Earlier this year, Bluesky Cook Islands launched the country’s first 4G LTE services, covering the two largest islands, Rarotonga and Aitutaki. The news was welcomed by many local Internet users and visitors, who, like many Pacific Islands inhabitants and tourists, primarily connect to the Internet via mobile devices.
The service has greatly improved Internet access and connection speeds — however, its full potential is not expected for another two years, when the economy connects to its first intercontinental submarine cable, the Manatua Polynesian Cable.
Stretching over 4,500 km, the Manatua Polynesian Cable will link Samoa and French Polynesia, with branching units to Niue, Rarotonga and Aitutaki. It will have a capacity of up to 30 terabits per second — almost double that of the Southern Cross Cable. Bluesky’s Lane Parkes says this will be an extreme upgrade from the nation’s current satellite connections and back-up link, and will provide a more stable connection for the isolated nation.
“We currently access the Internet via low latency and high-capacity O3b satellites, and we’ve got a low-capacity GEO backup link to New Zealand,” says Lane, who has been a network engineer with Bluesky (previously Telecom Cook Islands) for over a year. “Our maximum broadband connection is about 15Mb/sec over ADSL+. However, most of our customers sign up for a cheaper plan, which can be capped at 8Mb/sec or lower.”
Lane says the O3b Satellite service is currently the most cost-effective Internet access solution in the absence of submarine cable connectivity. However, it operates in the KA band, which suffers from considerable rain fade. When the O3b link goes down, the backup service over GEO satellites is unable to cost-effectively provide an acceptable restoration service.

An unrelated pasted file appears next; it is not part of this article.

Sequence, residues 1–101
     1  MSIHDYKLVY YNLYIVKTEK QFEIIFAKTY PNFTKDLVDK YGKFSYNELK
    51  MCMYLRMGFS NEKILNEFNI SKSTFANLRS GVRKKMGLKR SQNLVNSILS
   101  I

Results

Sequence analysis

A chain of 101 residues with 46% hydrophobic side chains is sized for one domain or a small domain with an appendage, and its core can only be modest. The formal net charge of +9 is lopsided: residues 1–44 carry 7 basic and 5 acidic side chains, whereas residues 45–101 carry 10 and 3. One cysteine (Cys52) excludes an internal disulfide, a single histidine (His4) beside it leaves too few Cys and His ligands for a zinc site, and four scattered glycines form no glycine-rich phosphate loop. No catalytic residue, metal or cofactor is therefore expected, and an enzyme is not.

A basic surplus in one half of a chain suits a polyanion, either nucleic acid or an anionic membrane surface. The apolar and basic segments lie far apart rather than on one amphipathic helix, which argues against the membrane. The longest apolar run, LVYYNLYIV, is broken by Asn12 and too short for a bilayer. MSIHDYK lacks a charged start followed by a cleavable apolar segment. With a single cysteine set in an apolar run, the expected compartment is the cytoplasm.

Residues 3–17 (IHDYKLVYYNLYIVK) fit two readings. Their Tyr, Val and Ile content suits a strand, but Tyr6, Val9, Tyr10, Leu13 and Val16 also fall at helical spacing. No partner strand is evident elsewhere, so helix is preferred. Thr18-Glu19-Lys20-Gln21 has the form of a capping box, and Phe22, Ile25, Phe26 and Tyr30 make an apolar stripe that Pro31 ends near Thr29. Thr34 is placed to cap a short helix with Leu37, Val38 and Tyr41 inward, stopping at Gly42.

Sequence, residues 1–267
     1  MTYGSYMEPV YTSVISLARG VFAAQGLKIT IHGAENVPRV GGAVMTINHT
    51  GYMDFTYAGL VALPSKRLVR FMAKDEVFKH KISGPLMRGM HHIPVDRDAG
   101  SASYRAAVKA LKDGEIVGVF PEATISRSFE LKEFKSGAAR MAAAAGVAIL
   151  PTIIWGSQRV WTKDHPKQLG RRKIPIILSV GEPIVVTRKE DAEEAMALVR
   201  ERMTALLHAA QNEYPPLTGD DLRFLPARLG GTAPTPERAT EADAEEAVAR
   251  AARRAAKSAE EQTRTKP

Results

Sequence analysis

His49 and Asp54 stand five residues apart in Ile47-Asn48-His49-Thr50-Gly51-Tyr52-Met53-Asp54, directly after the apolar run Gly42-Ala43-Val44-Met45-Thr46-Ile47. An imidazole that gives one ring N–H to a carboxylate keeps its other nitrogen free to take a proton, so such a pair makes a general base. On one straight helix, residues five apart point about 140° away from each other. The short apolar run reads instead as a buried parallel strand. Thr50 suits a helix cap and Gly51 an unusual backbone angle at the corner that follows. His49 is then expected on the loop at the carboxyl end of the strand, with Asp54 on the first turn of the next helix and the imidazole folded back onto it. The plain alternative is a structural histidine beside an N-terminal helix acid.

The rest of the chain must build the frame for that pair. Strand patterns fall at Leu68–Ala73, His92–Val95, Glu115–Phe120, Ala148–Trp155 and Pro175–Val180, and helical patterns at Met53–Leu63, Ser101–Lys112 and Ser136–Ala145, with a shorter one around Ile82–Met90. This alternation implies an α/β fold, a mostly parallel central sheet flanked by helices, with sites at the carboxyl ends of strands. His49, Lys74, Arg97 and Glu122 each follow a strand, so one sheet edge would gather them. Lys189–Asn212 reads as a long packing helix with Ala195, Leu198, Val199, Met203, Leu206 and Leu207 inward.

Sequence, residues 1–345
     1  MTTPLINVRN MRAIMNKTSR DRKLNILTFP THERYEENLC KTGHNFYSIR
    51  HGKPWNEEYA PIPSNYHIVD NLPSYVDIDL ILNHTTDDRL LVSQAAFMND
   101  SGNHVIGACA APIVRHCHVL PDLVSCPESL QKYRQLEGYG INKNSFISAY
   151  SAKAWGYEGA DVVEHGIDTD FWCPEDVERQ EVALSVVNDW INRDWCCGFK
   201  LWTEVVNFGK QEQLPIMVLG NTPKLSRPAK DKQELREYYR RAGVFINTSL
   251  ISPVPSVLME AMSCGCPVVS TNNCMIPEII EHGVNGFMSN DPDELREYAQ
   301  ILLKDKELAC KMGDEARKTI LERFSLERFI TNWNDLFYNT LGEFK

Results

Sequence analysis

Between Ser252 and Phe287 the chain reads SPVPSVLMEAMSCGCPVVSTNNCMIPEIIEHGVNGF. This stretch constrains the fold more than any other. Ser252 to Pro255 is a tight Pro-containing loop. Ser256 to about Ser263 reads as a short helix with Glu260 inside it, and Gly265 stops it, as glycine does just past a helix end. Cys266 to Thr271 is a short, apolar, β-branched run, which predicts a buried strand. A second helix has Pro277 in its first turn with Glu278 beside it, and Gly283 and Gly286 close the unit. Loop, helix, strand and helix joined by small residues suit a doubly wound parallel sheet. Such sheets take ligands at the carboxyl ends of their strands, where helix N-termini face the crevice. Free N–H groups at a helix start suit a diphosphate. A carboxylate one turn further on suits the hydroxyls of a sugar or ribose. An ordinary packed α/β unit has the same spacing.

Read Geoff Huston’s article on the potential of new satellite Internet projects like O3b.
Lane says this backup connection is scheduled to be decommissioned in the near future with investment diverted to improving the O3b Service as a backup to the eventual cable. “Connecting to the Manatua cable will improve Internet service availability, latency and capacity with satellite becoming the backup and prime Internet access connectivity for ten of the remaining populated islands of the Cooks,” he said.
Developing capacity to support future network
Bluesky Group has deployed 4G+ across all its markets (Samoa, American Samoa and Cook Islands) and in Rarotonga has upgraded its fibre network to a 10 Gigabit MPLS ring around the island. Bluesky Cook Islands is also in discussion with vendors about deploying a FTTX and VDSL2+ network for its customers.
“It’s all about updating and increasing our network capacity so that when the submarine cable lands, we can just plug it in and our customers will be able to immediately take advantage of the higher speeds the cable will offer,” says Teariki Strickland, who has been working for Bluesky for just over three years.
Lane says for young network engineers like Teariki, being involved in these upgrades has been invaluable for their professional development and is normally something they would have had to travel overseas to experience.
“I know the interns that we’ve had come through recently have really enjoyed being involved in the upgrades, which hopefully encourages them to choose network engineering as a career,” says Lane.
It’s challenging being the only ISP
Bluesky Networks is the only ISP in the Cook Islands, serving 13,000 residents and around 160,000 annual visitors. It was rebranded from Telecom Cook Islands in July 2015 after American Samoa-based telecommunications company Bluesky Group acquired a 60% share of the company earlier that year – the Cook Islands government still owns the remaining 40%.
Lane says that being the only ISP has its challenges, particularly balancing its obligation to provide an affordable connection for such a small, sparse population, with the need to be profitable.
“Connecting the outer islands is a challenge. The cost of installing and maintaining that equipment is the same whether we are connecting 100 people or 5,000 people. Obviously, if we were connecting more people we’d have more revenue, which we could use to provide Over the Top services that other countries do, but it’s going to be awhile before we can offer these.
“A lot of tourists don’t understand why they shouldn’t stream Netflix when on holiday but they need to realize that this is not a necessity of these local communities. It’s about balancing costs and needs, which is a common challenge that telcos across the Pacific face.”
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